[Iccrg] congestion control and visability to the user
michawe at ifi.uio.no
Tue Mar 30 11:51:45 BST 2010
On Mar 29, 2010, at 5:34 PM, Mikael Abrahamsson wrote:
> On Mon, 29 Mar 2010, michawe at ifi.uio.no wrote:
>> My notion was that it's not, usually, because of standard TCP
>> being "lame" (as Matt rightfully called it).
> This is the first time in my 15+ year of networking that I've heard
> this view of the world. I couldn't disagr ee more. Only time I
> wasn't able to saturate my access link was when I was using Win95 or
> so, and it didn't s upport window scaling and my internet connection
> was 100+ megabit/s and the ftp server was 10ms away. I could n't
> disagree more with this view of the world.
How can you be so sure? The longer the delay, and the greater
the bandwidth, the harder it gets for standard TCP to saturate the
bottleneck. See the abstract of RFC 3649 (2nd paragraph), which
lays it out quite nicely - what do you think of this, is it unrealistic,
or wrong in your opinion?
Surely, like everyone else I know, you have once downloaded
something from some sever somewhere on the net
at much less than your internet connection's speed - then, how do
you know where the bottleneck comes from - is it a slow access
link of the server, or the server itself being slow, or TCP not
saturating the bottleneck (wherever it is) well? How would you know?
(because I believe that it's hard to know about these things, I
agree with your suggestion to develop some means to make
these things more visible - and Web100, for instance (as Matt
mentioned) wouldn't give you a good answer to that either.
(yes you could deduce things from looking at cwnd in Web100,
but where the bottleneck is you wouldn't know) )
> Again, ISPs only get away with congesting their cores if there isn't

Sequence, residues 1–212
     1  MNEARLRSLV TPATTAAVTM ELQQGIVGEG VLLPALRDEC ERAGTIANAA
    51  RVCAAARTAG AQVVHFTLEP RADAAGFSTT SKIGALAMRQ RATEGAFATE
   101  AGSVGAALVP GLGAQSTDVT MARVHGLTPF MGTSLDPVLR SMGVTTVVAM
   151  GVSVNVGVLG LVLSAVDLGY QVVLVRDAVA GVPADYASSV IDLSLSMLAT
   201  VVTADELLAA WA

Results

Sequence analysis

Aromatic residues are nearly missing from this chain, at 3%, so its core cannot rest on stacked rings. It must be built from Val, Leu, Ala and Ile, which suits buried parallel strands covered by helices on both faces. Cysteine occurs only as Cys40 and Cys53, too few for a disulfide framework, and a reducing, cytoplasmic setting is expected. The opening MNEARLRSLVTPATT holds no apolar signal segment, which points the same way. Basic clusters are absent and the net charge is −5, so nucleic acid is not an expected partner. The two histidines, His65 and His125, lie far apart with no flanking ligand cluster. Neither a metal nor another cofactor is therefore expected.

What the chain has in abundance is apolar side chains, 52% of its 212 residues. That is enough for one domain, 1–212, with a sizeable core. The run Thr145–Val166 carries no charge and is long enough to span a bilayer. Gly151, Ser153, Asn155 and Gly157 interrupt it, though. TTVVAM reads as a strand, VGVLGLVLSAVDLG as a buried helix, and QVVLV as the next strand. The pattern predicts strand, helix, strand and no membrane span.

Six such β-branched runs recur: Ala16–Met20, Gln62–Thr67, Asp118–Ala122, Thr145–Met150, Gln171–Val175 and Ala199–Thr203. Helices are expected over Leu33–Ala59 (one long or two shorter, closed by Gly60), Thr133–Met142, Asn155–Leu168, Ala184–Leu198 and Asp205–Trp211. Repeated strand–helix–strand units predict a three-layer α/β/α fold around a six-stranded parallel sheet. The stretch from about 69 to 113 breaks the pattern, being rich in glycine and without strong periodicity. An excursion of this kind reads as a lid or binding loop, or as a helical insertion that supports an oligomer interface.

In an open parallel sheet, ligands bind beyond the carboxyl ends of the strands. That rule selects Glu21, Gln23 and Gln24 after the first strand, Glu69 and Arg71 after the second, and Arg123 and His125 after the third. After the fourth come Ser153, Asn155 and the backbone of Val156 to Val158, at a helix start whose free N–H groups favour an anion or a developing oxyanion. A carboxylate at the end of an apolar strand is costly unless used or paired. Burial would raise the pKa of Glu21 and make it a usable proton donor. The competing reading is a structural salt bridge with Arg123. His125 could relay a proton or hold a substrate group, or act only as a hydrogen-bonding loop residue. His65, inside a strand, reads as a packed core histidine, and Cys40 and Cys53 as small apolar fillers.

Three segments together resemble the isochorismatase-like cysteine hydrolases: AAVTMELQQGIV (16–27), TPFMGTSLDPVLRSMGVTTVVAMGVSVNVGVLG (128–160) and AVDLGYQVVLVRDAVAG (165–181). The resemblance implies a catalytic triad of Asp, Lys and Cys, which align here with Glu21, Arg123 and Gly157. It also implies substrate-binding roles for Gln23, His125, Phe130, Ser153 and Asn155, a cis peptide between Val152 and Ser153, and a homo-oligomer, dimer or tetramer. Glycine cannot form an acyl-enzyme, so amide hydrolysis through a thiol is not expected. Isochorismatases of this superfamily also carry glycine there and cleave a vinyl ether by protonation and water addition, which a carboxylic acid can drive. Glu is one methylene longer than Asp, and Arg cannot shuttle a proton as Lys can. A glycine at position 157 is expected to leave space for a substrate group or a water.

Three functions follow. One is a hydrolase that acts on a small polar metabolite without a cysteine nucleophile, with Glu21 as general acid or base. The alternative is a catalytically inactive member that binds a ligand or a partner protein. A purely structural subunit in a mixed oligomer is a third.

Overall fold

> enough competition in the market, and that's not a technical
> problem, it's usually a political problem. Trying to handle this
> dysfunctional situation by technical means is bound to fail. Why
> would someone invest in expensive bw capacity/congestion/flow/
> fairness technology if said upgrade due to bw constraints is already
> too expensive?I don't get it.
There's nothing expensive to an ISP about changing congestion
control functionality in end hosts.
> In my experience, the biggest congestion problem is in the upstream
> direction from my CPE. Any normal user would have an ADSL modem or
> alike there from some low-end manufacturer who won't invest a dollar
> more to do anything more than FIFO because they're acting in an
> extremely tight marketplace where every cent counts. There is
> already plenty of tech out there to help in this siuation but
> they've chosen to do nothing. Fair-queue is one which would hugely
> benefit all ADSL users (or anyone with slow uplinks). This is not
> being done, and yet people are talking about inveting eve nmore
> complicated mechanisms?
There's nothing expensive to a vendor of an ADSL modem about
changing congestion control functionality in end hosts.
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